Vertical flight efficiency

@ airports

Improved vertical flight efficiency during climb (CCO) and descent (CDO) can save substantial amounts of fuel and CO2 and also reduce noise levels in the vicinity of airports. The lower the level segment, the higher the additional fuel consumption.

Together with interested stakeholders and EUROCONTROL’s Environment Unit, the PRC has developed a methodology to compute level off segments during climb and descent at airports.

The results are shown in the dashboard below and also available for download in our data repository.

Please note that the analysis may take a few moments to load. The dashboard is best viewed in Chrome or Firefox.

In order to get a better understanding of the level of vertical inefficiency in the en-route phase, the PRC has developed a methodology to compare the maximum altitudes in the flight plans of flights between a specific airport pair with the maximum altitudes of flights between similar airport pairs for a specific AIRAC cycle.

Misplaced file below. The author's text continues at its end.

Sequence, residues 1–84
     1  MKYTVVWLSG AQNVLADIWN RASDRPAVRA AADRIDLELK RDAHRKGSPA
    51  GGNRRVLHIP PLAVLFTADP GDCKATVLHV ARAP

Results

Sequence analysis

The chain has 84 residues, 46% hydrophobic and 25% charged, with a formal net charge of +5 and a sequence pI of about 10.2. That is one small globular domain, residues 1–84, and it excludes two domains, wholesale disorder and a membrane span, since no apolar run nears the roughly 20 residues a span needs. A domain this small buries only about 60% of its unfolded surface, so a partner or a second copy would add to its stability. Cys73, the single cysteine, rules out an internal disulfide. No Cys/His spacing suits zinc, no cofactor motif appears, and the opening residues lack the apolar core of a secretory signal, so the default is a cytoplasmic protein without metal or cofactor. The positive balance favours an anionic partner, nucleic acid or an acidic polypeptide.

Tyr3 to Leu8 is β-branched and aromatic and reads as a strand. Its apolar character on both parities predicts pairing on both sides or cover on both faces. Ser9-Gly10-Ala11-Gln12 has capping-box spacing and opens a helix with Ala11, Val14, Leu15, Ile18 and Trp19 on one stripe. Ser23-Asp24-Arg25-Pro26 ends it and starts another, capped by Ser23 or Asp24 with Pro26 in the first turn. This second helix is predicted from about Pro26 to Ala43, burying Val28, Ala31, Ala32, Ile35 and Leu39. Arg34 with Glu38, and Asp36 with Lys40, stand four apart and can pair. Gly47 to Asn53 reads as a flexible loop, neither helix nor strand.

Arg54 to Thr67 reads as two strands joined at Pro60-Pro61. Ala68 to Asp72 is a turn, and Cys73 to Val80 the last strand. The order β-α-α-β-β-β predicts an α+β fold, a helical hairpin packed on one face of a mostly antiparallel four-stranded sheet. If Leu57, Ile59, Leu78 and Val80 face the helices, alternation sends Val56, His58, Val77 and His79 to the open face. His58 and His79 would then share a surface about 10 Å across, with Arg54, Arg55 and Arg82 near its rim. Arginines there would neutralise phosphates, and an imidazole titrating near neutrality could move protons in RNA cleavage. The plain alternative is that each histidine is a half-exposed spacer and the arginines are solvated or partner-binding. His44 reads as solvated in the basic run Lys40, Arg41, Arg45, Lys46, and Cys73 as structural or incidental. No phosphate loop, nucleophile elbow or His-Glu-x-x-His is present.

Vertical en-route flight efficiency

In order to get a better understanding of the level of vertical inefficiency in the en-route phase, the PRC has developed a methodology compare the maximum altitudes in the flight plans of flights between a specific airport pair with the maximum altitudes of flights between similar airport pairs for a specific AIRAC cycle.

The analysis does not aim at quantifying the total amount of vertical en-route inefficiencies (VFI) in the EUROCONTROL area nor does it identify all underlying reasons for the observed inefficiencies. Instead, it provides an initial understanding of the level of vertical flight inefficiencies on specific airport pairs in order to evaluate some cases in more detail. It should be noted that there might be good reasons for certain vertical restrictions (safety, capacity) and the results should therefore be interpreted in this context.